With the start of the Consumer Electronics Show (CES) in Vegas and the world of gadgetry and fun sloshing into the gadget-obsessed marketplace, it’s pure tech catnip these days. If all that media overload isn’t enough, the Mac faithful will be gathering in San Francisco to hear the oracle of cool, Steve Jobs, talk about the next Big iSomething – music, digital media, TVs, phones or all of the above coming to you from Apple.
At CES, we’ll be seeing digital media distribution systems, VoIP, mobile phones, and digital media piped from one device to another to be viewed on the clearest, flattest screens ever. We’ll be seeing more phones with GPS
It’s all so cool and so very busy, and it leaves a digital trail for a digital database called You.
What? You didn’t know you’d be tracked with RFID? If you’re a member of Consumers Against Supermarket Privacy Invasion and Numbering, the privacy group founded by privacy advocate Katherine
Albrecht, you would be expecting some notification that RFID systems are in use.
If privacy issues and data protection in the digital age were pushed to the forefront last year with all the notification of lost or stolen customer data, then this could be the year that RFID gets pushed into wider discussion, as well.
Why? Well for one thing, vendors are expecting 2007 to be a breakout year for RFID. Symbol Technologies, one of the biggest providers of RFID scanners and software systems for scanning products, said it is expecting to see a big jump in the use of item-level tagging, especially on apparel and consumer electronics on store shelves, as well as the use of more hybrid tags (a mix of active and passive tags on some products), tags with longer frequency ranges (more devices can scan from a farther distance), growth in pharmaceuticals, security, government and access control.
IBM is also moving aggressively to take advantage of the growth, but also to take a leadership role in helping to shape industry best practices about notification and use of RFID systems. It’s a smart move for a company that’s been awarded a bunch of RFID patents. The most recent one reads like something out of a Philip K. Dick novel: “Identification and Tracking of
Persons Using RFID-Tagged Items in Store Environments” (Patent #7,076,441).
It pretty much does what the patent title says it does: tracks you and your products throughout the store and can also be used to identify you against other databases. It’s got Albrecht’s consumer privacy group lobbying for companies to disclose when this technology is in use.
Congress has yet to take up the issue, but plenty of states are considering legislation that would at least notify consumers when they’re being tracked by the RFID devices. It’s just one among many reasons that I think RFID will be one technology that helps push tech companies into taking part in drafting RFID privacy policies and best practices.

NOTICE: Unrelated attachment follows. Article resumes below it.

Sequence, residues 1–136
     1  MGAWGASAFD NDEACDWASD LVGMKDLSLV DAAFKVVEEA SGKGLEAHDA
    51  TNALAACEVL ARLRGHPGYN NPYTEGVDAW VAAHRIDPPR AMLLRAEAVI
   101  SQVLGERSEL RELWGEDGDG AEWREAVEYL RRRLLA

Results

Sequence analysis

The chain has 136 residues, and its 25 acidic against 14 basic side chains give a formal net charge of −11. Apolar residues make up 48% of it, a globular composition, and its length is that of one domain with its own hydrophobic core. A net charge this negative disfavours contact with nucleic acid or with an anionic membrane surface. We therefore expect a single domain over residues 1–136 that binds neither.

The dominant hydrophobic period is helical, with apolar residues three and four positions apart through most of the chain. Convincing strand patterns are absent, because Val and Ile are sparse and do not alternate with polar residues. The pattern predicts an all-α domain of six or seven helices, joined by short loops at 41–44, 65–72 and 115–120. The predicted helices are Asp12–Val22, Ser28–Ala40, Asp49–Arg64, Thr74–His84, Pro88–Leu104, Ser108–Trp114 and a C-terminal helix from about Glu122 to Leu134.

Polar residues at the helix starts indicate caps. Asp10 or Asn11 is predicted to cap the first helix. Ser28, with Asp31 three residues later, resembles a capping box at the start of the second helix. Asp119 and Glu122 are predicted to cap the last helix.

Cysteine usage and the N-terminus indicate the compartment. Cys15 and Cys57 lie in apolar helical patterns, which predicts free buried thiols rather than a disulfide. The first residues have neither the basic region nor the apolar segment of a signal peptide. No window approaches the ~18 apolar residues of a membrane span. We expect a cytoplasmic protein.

A crazy quilt of legislation?
There are plenty of positive and good uses for RFID, but it’s what consumers don’t know and aren’t clear about that raises suspicions between them and the companies or governments that use the technology. That’s why the industry has to be more active about best practices and notification policies. Otherwise, a crazy quilt of state legislation about this awaits.
Harriet P. Pearson, IBM’s vice president and chief privacy officer, heads up IBM’s efforts to embed privacy thinking into the company’s design efforts across all its technology divisions. RFID is just one of them, which is evident in the titles of some patents it’s been awarded: “Method to address security and privacy issue of the use of RFID systems to track consumer products” (Patent 7000834); “Anti-tracking system to ensure consumer privacy” (Patent 7086587); “System and architecture for privacy-preserving data mining” (Patent 6931403).
Among Pearson’s priorities is to make sure that IBM’s policies, once set, are being managed. To speak with her is to get a glimpse of the rapidly expanding use of technology and how that data can impact our livelihoods — for better and for not so good.
About a year ago, IBM adjusted its human resources policies to ensure its employees that it would not use genetic information, or any kind of genetic data, to make hiring decisions. Sure, if you want to disclose information voluntarily in order to get different coverage for health care, so be it.
But the point is, our genetic data is in the mix, too, not just our buying habits, monthly expenditures, food preferences and the like.
Only after a few bankruptcies of early dot-com flameouts, which landed many customers’ information in a bankruptcy court, did the industry start to get religion about best practices regarding privacy policies.
This could be a similar breakout year for RFID and how companies use it with consumers — it’s a great opportunity to be aggressive in shaping policies about disclosure of that RFID use and how information is used.
For example, the RFID tagging system on a person could help keep track of workers who toil in dangerous environments, such as coal mines or oil refineries. They could opt-in for a system that could locate them should they become trapped in a mine.
On the other hand, IBM’s Pearson adds, there should be strong policies in place for item-level tagging for which IBM has helped a diverse group of citizen and companies devise policy.
“IBM strongly supports notification that these are in use. We actively promote these best practices and a role for these innovations to enable privacy as well,” she told internetnews.com. “The issue about privacy is how we think and act on the issue. Trust is the name of the game. Privacy is absolutely part of that trust equation.”
Erin Joyce is executive editor of the internet.com news channel.